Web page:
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Acer Aspire Ethos 8943G - Performance, Battery Life and Verdict

Andy Vandervell

By Andy Vandervell



Our Score:


As the 8943G costs nearly £2,000 you'd expect it to perform extremely well. It does, to an extent, but it's not as if you get significantly more performance for the money. For example, the Toshiba Satellite L650-10G isn't embarrassed in our system performance testing, and it costs a fraction of the price.

Of course, the Acer does have the advantage of a quad-core processor, and if you want to edit HD camcorder footage then this will come in handy. However, evidently the 12GB of RAM doesn't help system performance much and we find it hard to believe any home user would need so much memory. As the Asus G73Jh demonstrates a faster processor or better graphics would be more beneficial, and it's a good £300 cheaper too.

Unsurprisingly, Asus' gaming machine outperforms the Acer in the gaming tests, though the latter still performs reasonably well. TrackMania Nations didn't pose any problems, producing a silky smooth 90.6fps. We upped the resolution to 1,920 x 1,080 and set everything to high and we still got playable frame rates. Likewise in STALKER: Call of Pripyat, which ran at 50.9fps at medium detail, there's enough performance spare to improve graphical quality.

We routinely point out that battery life is fairly unimportant in machines this size, but the Acer still produces good results. In the productivity test it lasted nearly three and a half hours, a DVD at 100 per cent brightness ran for slightly less than two hours. Nonetheless, given the 8943G weighs 4.6kg, such battery life is unlikely to be needed unless there's a power cut!

And unfortunately this gets to the nub of the 8943G's problems. It has many good elements, but taken as a whole it fails to convince. Its unbalanced specification is largely at fault here, but there are several niggling faults that also undermine it. Given the choice we'd sooner recommend something like the Asus G73Jh, or an all-in-one PC that offers similar features at a more competitive price.


It has the features and no shortage of design flair, but the Acer Aspire Ethos 8943G is ultimately a bittersweet affair. It might make a better case for itself in cheaper configurations, but there are still fundamental issues to iron out.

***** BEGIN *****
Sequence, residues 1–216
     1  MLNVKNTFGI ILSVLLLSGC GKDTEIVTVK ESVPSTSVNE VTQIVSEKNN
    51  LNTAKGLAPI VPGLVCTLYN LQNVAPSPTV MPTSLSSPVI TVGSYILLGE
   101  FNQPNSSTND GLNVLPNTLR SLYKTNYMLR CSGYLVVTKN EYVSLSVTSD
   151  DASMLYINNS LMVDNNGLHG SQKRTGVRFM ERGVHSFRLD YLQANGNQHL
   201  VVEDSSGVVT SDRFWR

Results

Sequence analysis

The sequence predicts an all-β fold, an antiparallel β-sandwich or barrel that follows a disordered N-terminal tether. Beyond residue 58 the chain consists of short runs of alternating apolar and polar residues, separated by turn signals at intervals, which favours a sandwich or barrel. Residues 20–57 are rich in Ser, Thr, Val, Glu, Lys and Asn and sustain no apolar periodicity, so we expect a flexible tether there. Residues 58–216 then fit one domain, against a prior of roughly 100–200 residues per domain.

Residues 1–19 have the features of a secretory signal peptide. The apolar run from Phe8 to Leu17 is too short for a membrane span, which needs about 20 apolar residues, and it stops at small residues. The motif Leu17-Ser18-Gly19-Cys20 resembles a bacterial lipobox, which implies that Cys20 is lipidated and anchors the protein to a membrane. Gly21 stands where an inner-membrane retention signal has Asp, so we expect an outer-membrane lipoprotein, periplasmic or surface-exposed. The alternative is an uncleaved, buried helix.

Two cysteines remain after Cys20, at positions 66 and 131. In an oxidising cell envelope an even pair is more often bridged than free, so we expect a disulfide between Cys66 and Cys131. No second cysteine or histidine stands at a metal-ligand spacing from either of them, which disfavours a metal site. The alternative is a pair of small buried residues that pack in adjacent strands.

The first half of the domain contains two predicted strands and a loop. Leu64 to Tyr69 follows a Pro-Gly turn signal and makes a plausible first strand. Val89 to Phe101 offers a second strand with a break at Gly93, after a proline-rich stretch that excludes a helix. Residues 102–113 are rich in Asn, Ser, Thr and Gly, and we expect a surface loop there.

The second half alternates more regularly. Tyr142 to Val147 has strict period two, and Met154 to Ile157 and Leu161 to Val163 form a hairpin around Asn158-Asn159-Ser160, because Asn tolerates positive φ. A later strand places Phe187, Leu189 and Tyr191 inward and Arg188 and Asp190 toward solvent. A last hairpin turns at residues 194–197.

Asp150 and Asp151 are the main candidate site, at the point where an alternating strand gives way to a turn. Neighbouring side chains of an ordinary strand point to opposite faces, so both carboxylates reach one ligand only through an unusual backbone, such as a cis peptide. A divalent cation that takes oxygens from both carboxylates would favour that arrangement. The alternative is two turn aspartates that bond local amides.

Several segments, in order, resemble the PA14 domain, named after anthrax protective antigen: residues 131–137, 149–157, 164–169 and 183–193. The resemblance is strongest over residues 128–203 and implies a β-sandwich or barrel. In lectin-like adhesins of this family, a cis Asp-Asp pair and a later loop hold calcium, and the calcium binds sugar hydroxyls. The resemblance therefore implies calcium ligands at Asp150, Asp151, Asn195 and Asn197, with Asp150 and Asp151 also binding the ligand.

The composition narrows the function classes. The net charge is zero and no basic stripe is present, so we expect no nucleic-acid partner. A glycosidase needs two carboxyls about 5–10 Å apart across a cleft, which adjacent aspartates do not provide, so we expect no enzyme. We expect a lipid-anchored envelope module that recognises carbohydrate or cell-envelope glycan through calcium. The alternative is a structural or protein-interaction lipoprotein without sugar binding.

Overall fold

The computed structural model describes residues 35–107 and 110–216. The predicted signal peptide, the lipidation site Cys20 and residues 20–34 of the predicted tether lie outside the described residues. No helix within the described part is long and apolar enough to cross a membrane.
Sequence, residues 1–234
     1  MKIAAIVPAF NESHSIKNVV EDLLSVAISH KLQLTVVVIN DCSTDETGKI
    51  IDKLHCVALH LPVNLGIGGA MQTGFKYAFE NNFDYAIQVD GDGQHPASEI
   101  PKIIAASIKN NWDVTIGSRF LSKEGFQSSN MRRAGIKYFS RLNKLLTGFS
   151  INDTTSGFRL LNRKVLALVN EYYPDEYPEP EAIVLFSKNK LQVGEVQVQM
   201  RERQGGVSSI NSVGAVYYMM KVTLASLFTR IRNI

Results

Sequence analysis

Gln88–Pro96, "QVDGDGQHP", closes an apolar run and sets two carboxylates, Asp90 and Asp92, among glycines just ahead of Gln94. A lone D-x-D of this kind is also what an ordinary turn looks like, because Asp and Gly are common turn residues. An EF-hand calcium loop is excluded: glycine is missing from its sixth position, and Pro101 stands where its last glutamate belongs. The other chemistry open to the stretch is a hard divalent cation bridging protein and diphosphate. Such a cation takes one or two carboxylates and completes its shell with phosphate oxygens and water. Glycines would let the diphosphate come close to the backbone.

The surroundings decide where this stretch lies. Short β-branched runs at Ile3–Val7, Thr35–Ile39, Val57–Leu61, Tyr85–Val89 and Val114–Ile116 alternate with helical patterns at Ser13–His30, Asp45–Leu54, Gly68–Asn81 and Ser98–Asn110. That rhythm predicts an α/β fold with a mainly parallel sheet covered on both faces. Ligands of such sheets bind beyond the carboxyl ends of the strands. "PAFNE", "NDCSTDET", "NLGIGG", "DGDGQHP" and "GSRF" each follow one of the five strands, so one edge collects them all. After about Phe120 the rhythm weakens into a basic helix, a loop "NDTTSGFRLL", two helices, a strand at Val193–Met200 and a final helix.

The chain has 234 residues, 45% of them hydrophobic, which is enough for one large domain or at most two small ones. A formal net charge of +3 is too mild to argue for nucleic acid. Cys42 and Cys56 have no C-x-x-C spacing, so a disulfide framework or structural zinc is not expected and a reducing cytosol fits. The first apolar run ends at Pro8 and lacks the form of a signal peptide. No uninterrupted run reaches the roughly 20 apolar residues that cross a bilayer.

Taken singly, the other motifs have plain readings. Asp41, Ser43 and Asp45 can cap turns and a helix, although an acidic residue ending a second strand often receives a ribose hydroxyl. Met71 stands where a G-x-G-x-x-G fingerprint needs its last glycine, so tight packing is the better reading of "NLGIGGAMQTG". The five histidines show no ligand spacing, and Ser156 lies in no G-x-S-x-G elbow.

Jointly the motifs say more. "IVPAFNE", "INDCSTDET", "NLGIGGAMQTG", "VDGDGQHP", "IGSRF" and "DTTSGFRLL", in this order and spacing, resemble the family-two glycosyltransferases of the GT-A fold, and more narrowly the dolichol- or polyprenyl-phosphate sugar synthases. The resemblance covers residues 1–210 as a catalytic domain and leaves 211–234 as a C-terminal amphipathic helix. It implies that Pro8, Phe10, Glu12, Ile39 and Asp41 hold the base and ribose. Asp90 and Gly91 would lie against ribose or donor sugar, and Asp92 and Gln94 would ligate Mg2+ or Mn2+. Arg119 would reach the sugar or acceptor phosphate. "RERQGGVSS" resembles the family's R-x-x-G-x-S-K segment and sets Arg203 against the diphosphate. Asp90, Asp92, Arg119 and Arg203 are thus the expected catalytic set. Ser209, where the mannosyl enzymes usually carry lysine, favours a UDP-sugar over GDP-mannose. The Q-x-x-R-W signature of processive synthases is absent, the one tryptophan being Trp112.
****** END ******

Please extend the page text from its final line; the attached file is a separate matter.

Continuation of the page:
July 15, 2010, 1:14 pm

So you're ripping it on value because it has everything but the kitchen sink thrown in as standard? That seems a little bit mean considering that you would've ever have to bother upgrading it. It's not a machine I'd buy, but judging by the features, it's not really bad value for money.

john g

July 15, 2010, 2:57 pm

I've been thinking about large laptops recently, wondering whether this is the way to go when my existing 15.4" laptop expires. I suspect the combination of a smartphone, netbook and large laptop would have all eventualities covered. Certainly a desktop machine feels too tethering, and a netbook would be great for those out-and-about times, but wouldn't be of much use for some work, such as photo editing. But I'm still waiting for more portable machines to arrive which have wide-gamut screens but are still affordable. It sounds like they're coming, but are still maybe a year or two away.


July 15, 2010, 5:35 pm

I agree that it's a shame that it doesnt have USB 3 but I squarely believe that it's intels fault for taking so long to add it to their motherboard reference designs

Paul Blakeman

July 15, 2010, 5:36 pm

For two grand this should have an ATI 5870 and the 1.7 GHZ core i7 or maybe even the extreme edition version, The RAM is the largest I have seen for a while but I feel is overkill really.

Chris Hamer

July 17, 2010, 6:42 pm

"1.28GB" i think you will find, you meant to put TB (: good review though (: i think its not the thing i'd buy because you can get so much more power out of a custom built desktop PC and this is virtually non movable anyway.


July 17, 2010, 8:56 pm

"i think its not the thing i'd buy because you can get so much more power out of a custom built desktop PC and this is virtually non movable anyway."

The differnece is, this has a keyboard/mouse and monitor built in. And it folds for transport to protect both.

I'd pick up a DTR over a desktop tower with a monitor and keyboard/mouse any day of the week.


July 22, 2010, 4:38 pm

People seem to have written off the ExpressCard slot but the option to add USB3 connectivity, when it's still not widespread is seeing it make a little bit of a comeback which is nice. It's a very useful, flexible port and it's annoying that peripherals for it often exiled to the nether regions of online stores.

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